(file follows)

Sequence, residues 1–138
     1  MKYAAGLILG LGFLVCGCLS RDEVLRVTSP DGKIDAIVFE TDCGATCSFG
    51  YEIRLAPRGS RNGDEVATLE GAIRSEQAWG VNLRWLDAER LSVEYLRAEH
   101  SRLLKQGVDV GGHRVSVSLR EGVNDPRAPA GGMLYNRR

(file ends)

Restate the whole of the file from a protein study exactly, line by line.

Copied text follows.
Sequence, residues 1–138
     1  MKYAAGLILG LGFLVCGCLS RDEVLRVTSP DGKIDAIVFE TDCGATCSFG
    51  YEIRLAPRGS RNGDEVATLE GAIRSEQAWG VNLRWLDAER LSVEYLRAEH
   101  SRLLKQGVDV GGHRVSVSLR EGVNDPRAPA GGMLYNRR